The manner of adjudication proceedings is laid down under the statutory provisions of tax. The starting stage of adjudication proceedings is the scrutiny of returns or records of the taxpayers. If any discrepancy observed or found in the returns then it is required to be intimated to the taxpayers for clarification thereafter a show cause notice may be issued. The show cause notice should based on relied upon documents of the taxpayers with justified grounds.
Statute under GST: Section 67(3) prescribes the documents, books or things referred to in sub-section (2) or any other documents, books or things produced by a taxable person or any other person, which have not been relied upon for the issue of notice under this Act or the rules made thereunder, shall be returned to such person within a period not exceeding thirty days of the issue of the said notice.
Section 67(5) prescribes the person from whose custody any documents are seized under sub section (2) shall be entitled to make copies thereof or take extracts therefrom in the presence of an authorised officer at such place and time as such officer may indicate in this behalf except where making such copies or taking such extracts may, in the opinion of the proper officer, prejudicially affect the investigation.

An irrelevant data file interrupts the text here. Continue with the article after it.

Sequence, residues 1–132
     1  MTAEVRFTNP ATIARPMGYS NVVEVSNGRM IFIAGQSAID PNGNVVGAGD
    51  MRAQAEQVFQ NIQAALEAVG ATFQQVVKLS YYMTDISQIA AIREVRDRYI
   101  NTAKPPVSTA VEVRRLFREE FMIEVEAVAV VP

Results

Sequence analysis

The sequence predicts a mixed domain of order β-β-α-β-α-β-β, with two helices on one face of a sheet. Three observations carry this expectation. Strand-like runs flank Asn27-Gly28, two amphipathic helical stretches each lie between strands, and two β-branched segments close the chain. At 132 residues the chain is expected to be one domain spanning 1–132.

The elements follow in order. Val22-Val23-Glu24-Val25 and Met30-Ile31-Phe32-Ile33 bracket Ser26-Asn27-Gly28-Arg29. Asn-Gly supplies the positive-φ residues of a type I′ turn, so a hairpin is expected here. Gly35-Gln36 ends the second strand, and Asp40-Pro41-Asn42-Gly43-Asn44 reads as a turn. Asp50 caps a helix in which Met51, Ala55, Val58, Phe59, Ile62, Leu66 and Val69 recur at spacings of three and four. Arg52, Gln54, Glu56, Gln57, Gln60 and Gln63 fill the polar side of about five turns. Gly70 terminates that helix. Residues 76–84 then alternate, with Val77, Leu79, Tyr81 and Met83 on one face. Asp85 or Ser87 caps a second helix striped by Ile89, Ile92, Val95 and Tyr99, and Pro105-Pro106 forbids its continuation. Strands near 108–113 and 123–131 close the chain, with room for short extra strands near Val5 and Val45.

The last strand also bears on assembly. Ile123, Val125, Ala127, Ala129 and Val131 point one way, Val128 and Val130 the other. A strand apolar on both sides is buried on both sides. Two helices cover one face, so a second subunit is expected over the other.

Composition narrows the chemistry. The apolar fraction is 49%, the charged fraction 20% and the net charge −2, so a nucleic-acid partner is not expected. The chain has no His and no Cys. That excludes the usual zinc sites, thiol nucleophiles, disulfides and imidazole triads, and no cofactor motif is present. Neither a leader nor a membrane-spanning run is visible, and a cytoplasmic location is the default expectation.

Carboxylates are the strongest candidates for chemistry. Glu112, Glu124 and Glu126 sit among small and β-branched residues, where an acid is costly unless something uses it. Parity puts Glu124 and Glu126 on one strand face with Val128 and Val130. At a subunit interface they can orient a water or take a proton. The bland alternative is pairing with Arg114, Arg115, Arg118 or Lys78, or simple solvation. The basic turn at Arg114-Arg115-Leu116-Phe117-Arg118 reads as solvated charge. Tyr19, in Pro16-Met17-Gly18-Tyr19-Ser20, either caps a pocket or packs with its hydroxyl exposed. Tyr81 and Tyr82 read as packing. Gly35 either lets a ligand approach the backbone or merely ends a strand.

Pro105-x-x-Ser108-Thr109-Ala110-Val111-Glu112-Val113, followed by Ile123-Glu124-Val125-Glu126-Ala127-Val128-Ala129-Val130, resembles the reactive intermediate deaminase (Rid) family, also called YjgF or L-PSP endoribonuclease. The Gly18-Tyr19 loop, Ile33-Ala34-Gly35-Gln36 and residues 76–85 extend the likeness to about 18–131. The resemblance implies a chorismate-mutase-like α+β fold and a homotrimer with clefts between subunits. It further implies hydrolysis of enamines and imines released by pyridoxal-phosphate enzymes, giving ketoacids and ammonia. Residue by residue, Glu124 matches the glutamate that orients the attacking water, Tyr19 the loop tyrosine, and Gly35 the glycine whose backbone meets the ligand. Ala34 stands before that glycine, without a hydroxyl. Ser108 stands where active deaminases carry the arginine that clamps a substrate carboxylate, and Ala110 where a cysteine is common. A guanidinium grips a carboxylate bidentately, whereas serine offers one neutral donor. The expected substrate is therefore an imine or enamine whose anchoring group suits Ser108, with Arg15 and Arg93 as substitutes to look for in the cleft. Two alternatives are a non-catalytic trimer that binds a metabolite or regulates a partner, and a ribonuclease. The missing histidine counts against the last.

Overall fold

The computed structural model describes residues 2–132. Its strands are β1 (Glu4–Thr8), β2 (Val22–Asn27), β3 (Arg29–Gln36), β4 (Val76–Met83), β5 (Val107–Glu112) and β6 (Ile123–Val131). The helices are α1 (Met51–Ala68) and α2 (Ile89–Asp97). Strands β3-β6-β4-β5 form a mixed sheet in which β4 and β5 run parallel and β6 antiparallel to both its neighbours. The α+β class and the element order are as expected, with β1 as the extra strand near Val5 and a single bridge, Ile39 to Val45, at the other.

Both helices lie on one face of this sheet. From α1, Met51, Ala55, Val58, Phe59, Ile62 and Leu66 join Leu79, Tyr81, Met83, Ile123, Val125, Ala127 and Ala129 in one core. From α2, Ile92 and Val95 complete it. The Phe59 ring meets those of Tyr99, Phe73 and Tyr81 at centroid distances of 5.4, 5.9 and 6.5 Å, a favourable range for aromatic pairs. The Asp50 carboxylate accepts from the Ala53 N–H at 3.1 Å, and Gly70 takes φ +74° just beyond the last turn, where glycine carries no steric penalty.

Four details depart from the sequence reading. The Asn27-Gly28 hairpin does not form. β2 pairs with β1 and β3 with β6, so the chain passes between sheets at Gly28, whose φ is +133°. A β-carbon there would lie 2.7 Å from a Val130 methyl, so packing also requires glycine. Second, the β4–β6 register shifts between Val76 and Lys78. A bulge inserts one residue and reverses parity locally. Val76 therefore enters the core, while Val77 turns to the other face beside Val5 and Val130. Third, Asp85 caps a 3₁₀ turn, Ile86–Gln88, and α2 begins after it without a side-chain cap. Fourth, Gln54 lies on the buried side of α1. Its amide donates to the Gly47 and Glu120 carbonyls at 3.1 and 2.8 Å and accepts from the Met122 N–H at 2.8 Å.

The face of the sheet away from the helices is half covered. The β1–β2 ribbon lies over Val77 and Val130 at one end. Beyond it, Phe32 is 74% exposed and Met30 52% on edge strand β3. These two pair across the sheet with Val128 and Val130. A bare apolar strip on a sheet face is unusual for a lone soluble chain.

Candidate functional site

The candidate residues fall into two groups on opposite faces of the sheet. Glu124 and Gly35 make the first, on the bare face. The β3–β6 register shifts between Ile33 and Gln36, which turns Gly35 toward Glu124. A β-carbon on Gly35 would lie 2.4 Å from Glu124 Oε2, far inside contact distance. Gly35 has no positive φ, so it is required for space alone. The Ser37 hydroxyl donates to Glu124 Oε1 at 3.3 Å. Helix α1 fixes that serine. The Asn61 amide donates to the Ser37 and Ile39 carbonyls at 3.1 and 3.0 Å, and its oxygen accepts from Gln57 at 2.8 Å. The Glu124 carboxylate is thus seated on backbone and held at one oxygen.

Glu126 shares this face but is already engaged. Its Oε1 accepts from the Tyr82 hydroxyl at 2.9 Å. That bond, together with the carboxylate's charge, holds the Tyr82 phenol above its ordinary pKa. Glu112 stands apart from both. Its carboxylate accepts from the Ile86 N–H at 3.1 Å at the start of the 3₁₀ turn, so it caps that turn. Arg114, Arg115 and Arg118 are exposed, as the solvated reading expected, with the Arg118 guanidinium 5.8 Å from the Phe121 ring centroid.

Thus, the relied upon documents is the basic foundation of show cause notice. The adjudicating authority should exercise their power on the basis of supported documentary evidence on record. The adjudicating authority should thoroughly examine the reply of the taxpayers after thorough verification of the relevant documents and subsequent discussion in the personal hearing then only pass the final order. It is to be noted that relied upon documents have gathered by the adjudicating authority is subject to supply to the taxpayers for cross examination, if the taxpayers asked for the same. Sometimes the adjudicating authority fails to supply relied upon documents relating to show cause notice or subsequent pass of final order. In case non-supply of relied upon documents by the proper officer, it becomes violation of principles natural justice. The taxpayers may move to Hon’ble High Court to get remedy against the non-supply of relied upon documents for cross examination / verification.
Therefore, the non- supply of relied upon documents by the adjudicating authority is the violation of natural justice and subject to challenge before the Hon’ble Court. The few such cases of the taxpayers were challenged are discussed as under: